The Iraqi Army Diaries: Entry 3
The Iraqi Army Diaries—entry 3
By s d liddick
In the spring of 2009 I embedded with the U.S. Army’s 1-63 Combined Arms Battalion, in the small town of Mahmudiyah, 20 miles south of Baghdad. The town is a cardinal point on what American soldiers have termed the Triangle of Death. Within a month I was offered a de facto embed spot with the Iraqi Army (IA), by General Mohammed, commander of the 17th Division. I quickly/wp-content/uploads/2009_November/murdoch_rupert.jpeg accepted and we determined that I would stay with one of his sub-commanders, Colonel Wisam Wisam, the Lieutenant in charge of the 2nd Battalion of the 25th Brigade.
What was supposed to be a several-day venture turned into almost two months (by the end I wasn’t sure that I hadn’t been passively kidnapped) and I came to know many of the men on Wisam’s base—soldiers and officers alike. They were a group of committed and bright (though not highly educated) officers who were in charge of a group of men—the contingent of soldiers I came to know at headquarters was hundreds strong—that was uneducated and often illiterate but very caring and determined to make its country a better place. Those soldiers (and some officers) were also suspected by American counterparts of being affiliated with both Al-Qaeda and the JAM (Jaish Al Mahdi army)—and I’ve no doubt that some of them were.
Those young Iraqi officers carried me on dozens of missions, kicking in doors and unearthing stashed 500-pound bombs. They carried themselves more or less professionally despite lack of training and a tremendous paucity in equipment and funding (the officers I followed into dark houses during those raids didn’t have rifles as the Battalion couldn’t afford them, and would normally breach doorways with nothing more than a sidearm resting on their hip). They also lacked a fundamental understanding of the media-military relationship and showed me an uncomfortable level of candor, especially in their treatment of prisoners. The following is a series of journal entries from that assignment.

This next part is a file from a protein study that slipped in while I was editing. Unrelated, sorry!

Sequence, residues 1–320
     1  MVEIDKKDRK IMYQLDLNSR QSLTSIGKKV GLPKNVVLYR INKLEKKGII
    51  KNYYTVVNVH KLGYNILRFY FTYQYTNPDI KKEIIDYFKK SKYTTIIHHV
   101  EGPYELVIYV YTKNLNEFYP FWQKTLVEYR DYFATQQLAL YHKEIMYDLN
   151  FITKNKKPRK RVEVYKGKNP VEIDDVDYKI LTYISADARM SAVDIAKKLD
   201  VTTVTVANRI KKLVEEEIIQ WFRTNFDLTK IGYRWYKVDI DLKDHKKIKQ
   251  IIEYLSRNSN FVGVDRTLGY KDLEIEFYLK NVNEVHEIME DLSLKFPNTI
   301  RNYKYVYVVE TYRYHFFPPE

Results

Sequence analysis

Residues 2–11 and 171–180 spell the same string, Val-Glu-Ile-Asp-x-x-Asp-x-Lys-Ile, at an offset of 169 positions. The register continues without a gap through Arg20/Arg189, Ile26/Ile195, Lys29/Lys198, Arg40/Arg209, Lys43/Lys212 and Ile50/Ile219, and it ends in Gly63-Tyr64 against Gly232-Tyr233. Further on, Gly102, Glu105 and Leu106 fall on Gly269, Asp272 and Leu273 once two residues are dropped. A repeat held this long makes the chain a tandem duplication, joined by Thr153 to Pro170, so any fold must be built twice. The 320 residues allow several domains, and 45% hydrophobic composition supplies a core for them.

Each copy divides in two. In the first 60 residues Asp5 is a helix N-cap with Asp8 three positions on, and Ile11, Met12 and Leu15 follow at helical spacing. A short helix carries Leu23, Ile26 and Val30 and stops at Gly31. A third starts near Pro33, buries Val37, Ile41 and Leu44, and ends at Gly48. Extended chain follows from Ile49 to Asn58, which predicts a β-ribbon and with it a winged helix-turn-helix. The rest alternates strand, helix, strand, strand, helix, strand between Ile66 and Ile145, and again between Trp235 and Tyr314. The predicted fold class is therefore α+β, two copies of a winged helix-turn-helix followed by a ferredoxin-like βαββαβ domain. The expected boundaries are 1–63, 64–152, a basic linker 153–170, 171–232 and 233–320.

First Lieutenant Hamid is the S2 (intelligence officer) at Second Battalion Headquarters. He’s in his late twenties and he carries himself with the self-assured swagger of Patton. He knows two phrases in English and he says them with an impeccable American accent: “Hooooly s—,” and “What the f——?” It took us a while to break through barriers—mainly because Hamid came off as haughty—but when they came down I found him to be a loyal and amicable friend.
Language barriers are fickle things and because of them Hamid and I had a couple of awkward situations. From the start, I was a novelty at Batallion Headquarters. Most of the young soldiers and officers I lived with had never had one-on-one interaction with Americans. U.S. soldiers, officers and contractors were like aliens to them, mystical and unimaginably wealthy beings they’d come to know through television and rumor. Most of the Iraqis flocked to me with the eager curiosity of children. Hamid, on the other hand, was reserved from the beginning.
Batallion Headquarters is a renovated Baath Party Headquarters building near the heart of Mahmudiyah (a cardinal point on the Triangle of Death, now the Triangle of Yawns). Sand bags line the first floor windows, a number of walls show large cracks and the building’s new paint job looks rushed and amateur. The place reminded me of a dilapidated U.S. fraternity house. And that analogy ran deeper than the looks of the building. While the enlisted men were eager and curious, some of the officers (Hamid chief among them) came across as aloof and suspicious of me—just as the majority of American soldiers did at first.
I knew why the Americans reacted the way they did—they were being cautious and they were distrustful (our military-media arrangement, after all, had historically been abused by both sides). The Iraqi soldiers clearly had little idea that speaking with the media could be dangerous. The majority of the Iraqi officers were the same way—save for Hamid and a small group of others—and by the end of my assignment they’d let me see things (particularly the torture of detainees) that made me uncomfortable. They continually flirted with putting me in a position where I might have to report on illegal activities I didn’t want to.